Monday, May 15, 2006

A Room Of One's Own

Author Virginia Woolf believed that a woman needs money and a room of her own if she’s going to write fiction. Her central thesis was that every woman novelist needs a space to call her own where she can engage in uninterrupted writing time. Something male writers of that day (and probably still do) enjoyed without question. While suggesting that women’s art suffered due to a lack of space, Woolf used the room as a symbol for more complex problems -- such as women’s need for leisure time and financial independence, if their writing was to ever be taken seriously—which I’m not even going to try to tackle in a blog.

I just want to talk about the room. I’ve always written. At least since I picked up a #2 pencil and a Big Chief tablet when I was seven years old. I've written anywhere and everywhere – sitting up in an old apple tree, on the beach, on car trips, first with my parents, then later with my husband. I've written in my son’s pediatrician’s office, at his basketball and choir practices, at airport gates, on planes, sitting on a sidewalk waiting for the Fiesta Bowl parade to begin, in the woods on camping trips, and, before I had an actual office, most often at the kitchen table, which meant, of course, I’d have to clean everything off the table whenever anyone wanted to eat.

It wasn’t until I decided to become serious about becoming published in book length fiction that I actually claimed a room as my own. It was an extra bedroom being used as a storage room. At ten by ten feet, it was the smallest room in the house, but by the time I cleared out all the boxes, painted the walls a soft sky blue, and bought myself a pretty cherry French Provincial desk, that cramped little room was suddenly transformed into a refuge, a place where I could tell my stories in peace and quiet. (Relative peace, anyway. Once school let out for the day, I’d be writing with the booming sound of adolescent boys blasting away at video game aliens on the other side of the wall. )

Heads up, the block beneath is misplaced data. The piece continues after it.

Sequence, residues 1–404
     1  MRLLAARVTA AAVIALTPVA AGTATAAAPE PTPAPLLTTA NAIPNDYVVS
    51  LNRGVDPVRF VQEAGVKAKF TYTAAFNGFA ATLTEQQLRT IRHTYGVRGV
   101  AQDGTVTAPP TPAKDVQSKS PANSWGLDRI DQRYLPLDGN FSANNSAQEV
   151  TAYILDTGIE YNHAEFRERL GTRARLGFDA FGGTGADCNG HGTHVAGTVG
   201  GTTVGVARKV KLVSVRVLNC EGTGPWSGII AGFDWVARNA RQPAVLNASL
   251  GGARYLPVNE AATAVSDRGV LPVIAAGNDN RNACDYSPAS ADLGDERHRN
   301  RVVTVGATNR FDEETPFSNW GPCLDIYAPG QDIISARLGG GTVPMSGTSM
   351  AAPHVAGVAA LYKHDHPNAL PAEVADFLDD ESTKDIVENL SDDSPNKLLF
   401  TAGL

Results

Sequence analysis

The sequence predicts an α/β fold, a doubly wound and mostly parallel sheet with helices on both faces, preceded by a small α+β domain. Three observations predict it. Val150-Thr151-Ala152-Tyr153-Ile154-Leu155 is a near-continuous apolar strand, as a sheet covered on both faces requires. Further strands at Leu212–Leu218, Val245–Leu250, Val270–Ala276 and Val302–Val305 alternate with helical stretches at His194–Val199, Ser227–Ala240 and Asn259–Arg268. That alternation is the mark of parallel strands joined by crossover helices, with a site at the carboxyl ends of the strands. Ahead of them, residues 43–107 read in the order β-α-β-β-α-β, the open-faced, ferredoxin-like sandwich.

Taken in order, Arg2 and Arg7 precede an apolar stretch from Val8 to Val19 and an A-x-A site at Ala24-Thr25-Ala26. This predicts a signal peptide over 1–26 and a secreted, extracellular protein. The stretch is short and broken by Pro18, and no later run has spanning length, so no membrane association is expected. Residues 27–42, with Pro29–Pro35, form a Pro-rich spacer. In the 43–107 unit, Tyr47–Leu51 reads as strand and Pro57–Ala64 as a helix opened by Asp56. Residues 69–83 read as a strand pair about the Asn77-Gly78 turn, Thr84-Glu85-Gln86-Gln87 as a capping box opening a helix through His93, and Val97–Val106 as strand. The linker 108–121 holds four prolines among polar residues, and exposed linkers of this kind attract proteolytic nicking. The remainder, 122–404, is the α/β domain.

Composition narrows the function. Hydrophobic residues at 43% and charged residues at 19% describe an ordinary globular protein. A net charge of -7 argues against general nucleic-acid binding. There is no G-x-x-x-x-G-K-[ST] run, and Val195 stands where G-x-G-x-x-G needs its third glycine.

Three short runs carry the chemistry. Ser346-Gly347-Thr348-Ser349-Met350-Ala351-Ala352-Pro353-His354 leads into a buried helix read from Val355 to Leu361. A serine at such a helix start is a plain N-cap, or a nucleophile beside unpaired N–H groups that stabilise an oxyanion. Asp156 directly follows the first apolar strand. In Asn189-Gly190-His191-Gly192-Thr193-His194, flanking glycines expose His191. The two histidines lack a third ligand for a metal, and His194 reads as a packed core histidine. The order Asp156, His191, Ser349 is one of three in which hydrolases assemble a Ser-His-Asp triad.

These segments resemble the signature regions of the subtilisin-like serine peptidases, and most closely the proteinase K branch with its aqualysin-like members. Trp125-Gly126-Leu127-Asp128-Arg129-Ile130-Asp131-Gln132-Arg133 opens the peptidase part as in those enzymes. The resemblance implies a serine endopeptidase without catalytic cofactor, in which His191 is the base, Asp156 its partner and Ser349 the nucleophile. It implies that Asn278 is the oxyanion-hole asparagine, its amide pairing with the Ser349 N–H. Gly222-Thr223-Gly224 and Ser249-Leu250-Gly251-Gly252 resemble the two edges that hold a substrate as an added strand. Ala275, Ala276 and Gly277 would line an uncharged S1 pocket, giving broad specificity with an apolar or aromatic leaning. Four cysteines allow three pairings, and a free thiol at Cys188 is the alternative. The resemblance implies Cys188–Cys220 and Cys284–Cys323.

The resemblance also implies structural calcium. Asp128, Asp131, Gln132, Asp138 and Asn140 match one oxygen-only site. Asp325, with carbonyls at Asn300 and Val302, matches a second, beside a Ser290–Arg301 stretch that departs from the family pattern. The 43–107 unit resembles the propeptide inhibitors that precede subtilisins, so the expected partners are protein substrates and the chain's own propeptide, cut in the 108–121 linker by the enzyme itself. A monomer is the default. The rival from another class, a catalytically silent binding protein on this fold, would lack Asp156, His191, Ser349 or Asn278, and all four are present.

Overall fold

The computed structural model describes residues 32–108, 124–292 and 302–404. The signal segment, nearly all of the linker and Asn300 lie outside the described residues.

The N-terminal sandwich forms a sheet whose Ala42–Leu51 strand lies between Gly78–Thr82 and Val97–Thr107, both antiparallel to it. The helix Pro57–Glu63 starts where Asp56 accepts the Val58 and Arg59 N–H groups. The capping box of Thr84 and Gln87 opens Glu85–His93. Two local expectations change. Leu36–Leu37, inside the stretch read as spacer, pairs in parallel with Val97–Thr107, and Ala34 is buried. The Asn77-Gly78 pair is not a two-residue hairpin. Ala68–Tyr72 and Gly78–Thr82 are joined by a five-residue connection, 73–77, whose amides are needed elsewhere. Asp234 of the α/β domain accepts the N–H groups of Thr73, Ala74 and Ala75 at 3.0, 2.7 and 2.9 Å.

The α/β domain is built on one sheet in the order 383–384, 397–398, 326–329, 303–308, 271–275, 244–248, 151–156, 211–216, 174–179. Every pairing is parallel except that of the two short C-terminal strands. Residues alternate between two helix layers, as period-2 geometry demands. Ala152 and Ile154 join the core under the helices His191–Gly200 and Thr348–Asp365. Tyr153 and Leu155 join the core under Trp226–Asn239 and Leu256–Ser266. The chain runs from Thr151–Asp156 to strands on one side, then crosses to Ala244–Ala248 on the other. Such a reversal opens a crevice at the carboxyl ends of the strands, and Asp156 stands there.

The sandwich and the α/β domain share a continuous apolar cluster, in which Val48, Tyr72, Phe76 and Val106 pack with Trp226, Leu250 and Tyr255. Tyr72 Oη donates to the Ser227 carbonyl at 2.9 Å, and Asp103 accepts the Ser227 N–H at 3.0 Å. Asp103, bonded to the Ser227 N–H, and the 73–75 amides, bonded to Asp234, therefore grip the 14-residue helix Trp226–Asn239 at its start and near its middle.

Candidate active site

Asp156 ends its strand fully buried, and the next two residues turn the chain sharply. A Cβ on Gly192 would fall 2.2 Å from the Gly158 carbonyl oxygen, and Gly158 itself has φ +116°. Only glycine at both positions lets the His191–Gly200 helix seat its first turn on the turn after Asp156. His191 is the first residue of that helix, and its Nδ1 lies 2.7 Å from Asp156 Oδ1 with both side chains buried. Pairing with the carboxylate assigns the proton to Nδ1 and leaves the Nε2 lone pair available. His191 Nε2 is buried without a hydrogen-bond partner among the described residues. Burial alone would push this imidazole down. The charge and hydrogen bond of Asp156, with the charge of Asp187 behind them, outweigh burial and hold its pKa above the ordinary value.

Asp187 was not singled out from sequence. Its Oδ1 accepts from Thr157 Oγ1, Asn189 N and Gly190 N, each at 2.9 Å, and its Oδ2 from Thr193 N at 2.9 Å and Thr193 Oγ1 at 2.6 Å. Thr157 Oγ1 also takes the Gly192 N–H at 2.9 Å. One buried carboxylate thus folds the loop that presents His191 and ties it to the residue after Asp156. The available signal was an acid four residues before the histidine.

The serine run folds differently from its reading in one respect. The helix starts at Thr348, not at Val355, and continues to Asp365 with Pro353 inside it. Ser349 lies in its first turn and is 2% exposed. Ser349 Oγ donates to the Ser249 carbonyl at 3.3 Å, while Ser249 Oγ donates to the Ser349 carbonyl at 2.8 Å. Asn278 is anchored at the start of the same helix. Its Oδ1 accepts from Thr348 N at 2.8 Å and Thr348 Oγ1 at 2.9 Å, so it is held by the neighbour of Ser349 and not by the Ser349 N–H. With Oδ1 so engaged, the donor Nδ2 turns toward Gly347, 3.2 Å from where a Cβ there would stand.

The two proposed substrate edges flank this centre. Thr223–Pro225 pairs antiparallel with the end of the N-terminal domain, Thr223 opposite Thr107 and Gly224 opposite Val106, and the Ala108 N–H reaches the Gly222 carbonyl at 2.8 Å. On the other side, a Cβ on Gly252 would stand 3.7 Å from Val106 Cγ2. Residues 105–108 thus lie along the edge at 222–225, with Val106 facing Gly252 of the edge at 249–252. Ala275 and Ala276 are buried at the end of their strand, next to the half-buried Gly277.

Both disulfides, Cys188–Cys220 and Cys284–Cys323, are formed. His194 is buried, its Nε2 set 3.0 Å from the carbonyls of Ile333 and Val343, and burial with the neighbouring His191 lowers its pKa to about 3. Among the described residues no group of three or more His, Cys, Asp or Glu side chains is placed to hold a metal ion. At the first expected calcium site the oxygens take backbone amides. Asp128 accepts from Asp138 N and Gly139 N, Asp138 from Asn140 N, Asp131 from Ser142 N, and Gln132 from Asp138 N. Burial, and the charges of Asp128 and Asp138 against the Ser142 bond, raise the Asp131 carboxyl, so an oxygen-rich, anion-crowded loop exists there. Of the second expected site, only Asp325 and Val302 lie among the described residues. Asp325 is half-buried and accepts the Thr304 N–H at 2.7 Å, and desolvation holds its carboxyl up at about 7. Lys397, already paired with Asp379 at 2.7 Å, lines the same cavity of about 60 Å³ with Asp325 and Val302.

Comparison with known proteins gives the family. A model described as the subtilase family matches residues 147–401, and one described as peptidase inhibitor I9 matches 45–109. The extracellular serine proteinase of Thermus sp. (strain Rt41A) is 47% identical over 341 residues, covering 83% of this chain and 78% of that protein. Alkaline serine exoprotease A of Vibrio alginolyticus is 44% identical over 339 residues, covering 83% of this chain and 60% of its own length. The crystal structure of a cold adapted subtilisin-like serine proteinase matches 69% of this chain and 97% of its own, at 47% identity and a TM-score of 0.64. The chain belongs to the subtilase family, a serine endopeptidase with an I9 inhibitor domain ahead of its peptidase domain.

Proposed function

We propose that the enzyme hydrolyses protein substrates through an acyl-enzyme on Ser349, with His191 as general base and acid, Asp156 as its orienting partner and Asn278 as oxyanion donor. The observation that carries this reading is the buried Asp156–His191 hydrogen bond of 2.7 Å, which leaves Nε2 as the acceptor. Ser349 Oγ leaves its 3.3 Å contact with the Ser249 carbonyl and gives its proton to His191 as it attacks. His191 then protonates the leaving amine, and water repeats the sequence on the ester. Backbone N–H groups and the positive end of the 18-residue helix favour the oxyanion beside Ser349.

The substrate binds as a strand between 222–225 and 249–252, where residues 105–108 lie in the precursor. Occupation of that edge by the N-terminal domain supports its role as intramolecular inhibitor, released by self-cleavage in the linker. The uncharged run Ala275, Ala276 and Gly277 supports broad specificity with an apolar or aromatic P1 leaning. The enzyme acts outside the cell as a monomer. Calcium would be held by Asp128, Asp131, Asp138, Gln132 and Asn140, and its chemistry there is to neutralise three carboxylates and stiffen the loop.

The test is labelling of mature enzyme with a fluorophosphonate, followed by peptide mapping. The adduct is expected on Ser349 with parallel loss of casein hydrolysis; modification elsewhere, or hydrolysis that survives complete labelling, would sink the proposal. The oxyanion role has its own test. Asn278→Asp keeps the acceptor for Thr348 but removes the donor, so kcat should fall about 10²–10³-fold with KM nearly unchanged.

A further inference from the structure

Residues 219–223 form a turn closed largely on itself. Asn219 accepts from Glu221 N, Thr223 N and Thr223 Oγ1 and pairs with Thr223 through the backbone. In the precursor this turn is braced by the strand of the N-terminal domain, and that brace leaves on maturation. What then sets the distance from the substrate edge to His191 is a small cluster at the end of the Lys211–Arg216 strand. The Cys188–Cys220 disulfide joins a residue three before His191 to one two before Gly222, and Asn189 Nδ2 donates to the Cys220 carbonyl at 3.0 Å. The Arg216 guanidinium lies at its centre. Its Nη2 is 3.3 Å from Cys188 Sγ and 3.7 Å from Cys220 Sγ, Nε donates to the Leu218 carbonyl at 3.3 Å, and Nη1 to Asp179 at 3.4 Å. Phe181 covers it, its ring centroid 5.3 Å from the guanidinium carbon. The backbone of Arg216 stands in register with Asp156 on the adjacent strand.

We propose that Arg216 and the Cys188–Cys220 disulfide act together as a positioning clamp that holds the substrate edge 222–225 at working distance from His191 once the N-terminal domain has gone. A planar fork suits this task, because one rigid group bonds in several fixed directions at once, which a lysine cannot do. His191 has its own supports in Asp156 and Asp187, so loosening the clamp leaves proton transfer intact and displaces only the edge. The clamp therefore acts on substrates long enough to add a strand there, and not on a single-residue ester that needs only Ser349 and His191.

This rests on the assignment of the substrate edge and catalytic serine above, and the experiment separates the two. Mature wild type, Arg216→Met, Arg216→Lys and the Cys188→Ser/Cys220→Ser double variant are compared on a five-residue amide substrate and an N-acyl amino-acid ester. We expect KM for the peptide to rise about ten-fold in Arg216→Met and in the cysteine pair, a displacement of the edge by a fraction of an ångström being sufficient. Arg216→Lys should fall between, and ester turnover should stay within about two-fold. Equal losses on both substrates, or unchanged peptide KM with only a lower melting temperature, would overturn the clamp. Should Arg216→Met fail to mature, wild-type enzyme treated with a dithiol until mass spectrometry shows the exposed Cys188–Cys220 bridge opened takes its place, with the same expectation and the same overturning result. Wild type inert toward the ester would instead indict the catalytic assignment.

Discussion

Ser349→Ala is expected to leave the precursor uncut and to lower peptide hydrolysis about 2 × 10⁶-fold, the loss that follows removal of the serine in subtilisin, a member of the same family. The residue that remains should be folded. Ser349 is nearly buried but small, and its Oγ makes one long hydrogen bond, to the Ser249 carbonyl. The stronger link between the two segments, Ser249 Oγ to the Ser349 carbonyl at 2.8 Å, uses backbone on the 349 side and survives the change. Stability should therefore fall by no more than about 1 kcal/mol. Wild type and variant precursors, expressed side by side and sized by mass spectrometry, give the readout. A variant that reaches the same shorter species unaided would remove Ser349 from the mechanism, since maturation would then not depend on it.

I’ve had three more offices since that first small room. And they’ve gotten progressively larger. When I moved into this house, I was thrilled with my spacious four-hundred square feet, the vaulted ceiling, which is edged with bright white double-crown molding and soars up 13 feet, along with large windows on three sides of the room. Since the room's on the second floor, I look down on gardens or directly into the canopy of leafy green trees, which gives me a feeling of writing in a park. Continuing the outdoor nature theme, two walls are grayish-sea blue, two are a soft sea green, a compromise I came up with after struggling for weeks to choose between the two paint chips. Framed counted cross stitch and needlepoint -- created to look like Impressionist paintings -- hang on the wall, along with a framed poster of Irish cottages and Celtic wood carvings my sweetie made for me. At six feet, my desk is larger than that first desk -- although way smaller than Sue Grafton’s twenty-four foot (!) desk -- but somehow, during the course of writing a book, it still ends up covered with mountains of research texts, magazines, mail, and different colored ms. drafts. I am firmly convinced that the amount of clutter that accumulates is in direct proportion to the amount of flat surface I have in my office and by the end of a book those piles have spread to the floor around my chair.

My matching credenza manages to stay somewhat neater; while the space behind the closed doors is jammed with boxes of paper, except for a couple book posters and a stack of covers, the top is mostly my lucky baseball shrine, with, among other things, a model of Yankee Stadium; my autographed Mickey Mantle baseball, which was a birthday present from my husband years ago; a mug from Mickey Mantles in NYC, and my Yankee Barbie (wearing her pinstripe uniform, complete with warm-up jacket, mitt, and tiny Louisville Slugger), who, because of an unfortunate difference in scale, towers over the House that Ruth Built like a very stylish Godzilla about to attack Tokyo.

Because I can't edit in the same place I write, I have a pretty flowered couch on the far side of the room, but it's mostly where my dogs sleep. Heaven forbid they’d ever have to sleep on the floor, like, well. . . dogs!